Values for all of these parameters base on measurements or calculations or both and are provided by spectral catalogues like JPL or HITRAN and by a wealth of publications. Table 4 shows a selection of values that can be found in the literature. For our study we used the broadening parameters from Liebe , the line intensity, lower state energy and the line center frequency from the JPL 1985 catalogue [Poynter and Pickett, 1985]. These values are used in the WVMS retrievals since 1992 and reveal good validation results and are hence well suited for this study as well. In the context of a network, the consistency resulting from the use of a common set of values is more important than the absolute values. A Voigt line shape accounts for pressure and Doppler broadening. For the Mauna Loa and Lauder systems an adapted version of the radiative transfer model by Liebe  is used while the Atmospheric Radiative Transfer Simulator (ARTS) [Buehler et al., 2005] is used for the other systems.
Table 4. Spectroscopic Parameters of the 616–523 Transition of H2O for T = 296 Ka
Notation: ν0, resonant frequency; S, line intensity; γair (γself), air (self) broadening parameter; nair (nself), temperature dependence of γair (γself). The boldface values have been used for all retrievals in this study.
 The emission of the atmosphere depends on the actual temperature profile. Underestimating the temperature at a particular level will cause the retrieval to overestimate the water vapor amount required to emit the observed signal. The relative error in H2O mixing ratio depends on altitude and is on the order of −2%/5 K. For the retrievals of the ground-based microwave systems the temperature profiles are routinely taken from different analyses as provided by NCEP, ECMWF or from models or climatologies like WACCM or MSISE90. But upper stratospheric and mesospheric temperature data provided by analyses or models are purely modeled and afflicted with considerable uncertainties. Observations as provided by SABER or MLS for an extended altitude range are assumed to be a better data source. Nedoluha et al.  investigated the performance of MLS temperature observations in the WVMS retrievals, and reported an improvement in the reanalyzed water vapor retrievals mainly with respect to interannual variations. In this study the MLS temperature observations at the specific locations were used in the retrievals for all microwave systems and hence the validation is free of effects that are related to the use of different temperature data sources.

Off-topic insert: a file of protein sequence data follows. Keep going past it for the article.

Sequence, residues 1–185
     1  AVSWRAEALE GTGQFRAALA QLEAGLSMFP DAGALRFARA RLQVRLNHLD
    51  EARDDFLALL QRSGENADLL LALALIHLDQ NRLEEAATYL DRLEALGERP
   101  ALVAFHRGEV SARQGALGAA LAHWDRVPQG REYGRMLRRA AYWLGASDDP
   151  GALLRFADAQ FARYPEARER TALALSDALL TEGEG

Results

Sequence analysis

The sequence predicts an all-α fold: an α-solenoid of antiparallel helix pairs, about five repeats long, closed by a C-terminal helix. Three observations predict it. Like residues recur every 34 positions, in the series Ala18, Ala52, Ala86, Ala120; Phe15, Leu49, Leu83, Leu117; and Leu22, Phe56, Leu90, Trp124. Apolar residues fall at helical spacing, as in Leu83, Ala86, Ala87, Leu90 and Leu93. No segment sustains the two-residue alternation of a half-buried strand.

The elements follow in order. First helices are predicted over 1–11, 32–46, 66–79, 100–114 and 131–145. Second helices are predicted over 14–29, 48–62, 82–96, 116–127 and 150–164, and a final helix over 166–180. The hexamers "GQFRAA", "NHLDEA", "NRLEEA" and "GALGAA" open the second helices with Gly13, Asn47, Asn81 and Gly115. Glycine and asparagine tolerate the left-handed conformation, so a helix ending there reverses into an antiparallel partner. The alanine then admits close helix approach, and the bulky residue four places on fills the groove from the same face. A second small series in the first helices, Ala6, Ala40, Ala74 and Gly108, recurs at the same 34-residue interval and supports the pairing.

As a consequence of the Sun-synchronous orbit, the MLS measurements are taken at constant local solar times, with daytime measurements on the ascending branch. Because of the coincidence criterion (see section 6) and data availability there are not always both day and nighttime measurements available at one site for a 24 h interval. This can introduce biases in daily mean profiles as differences between day and nighttime measurements are on the order of 5 K at 0.10 hPa. To create data sets of daily temperature profiles that are more representative for 24 h we thus calculated 3 day running means where day and nighttime measurements were equally weighted, for example, the mean of the mean daytime and the mean nighttime profile of a 72 h interval.
5.6. Measurement Integration Time
 As the tropospheric opacity attenuates the signal from the middle atmosphere it has a major influence on the signal to noise ratio of the ground-based measurements. The instruments are located between 45°S and 57°N and at altitudes from 50 to 3400 amsl and thus encounter very different conditions in terms of opacity. Figure 3 shows the mean annual cycle of the tropospheric opacity at the different sites. The signal to noise ratio governs the contribution of the a priori profile to the retrieval and must be kept constant. This in turn requires longer integration times for higher opacities. In Onsala, Bern and Seoul the number of spectra to be averaged before a retrieval depends on the actual value of the opacity to conserve the signal to noise ratio. Thus, the time between two retrievals changes dramatically with season; at Seoul the integration time ranges from a couple of hours in winter up to 4 weeks in summer. On the other hand, at Mauna Loa and Lauder a constant number of 500 spectra (∼1 week) is averaged before being fed into the inversion routine. Such a long integration time and the rather low opacities encountered at Mauna Loa and Lauder lead to a reasonably constant signal to noise ratio throughout the whole year.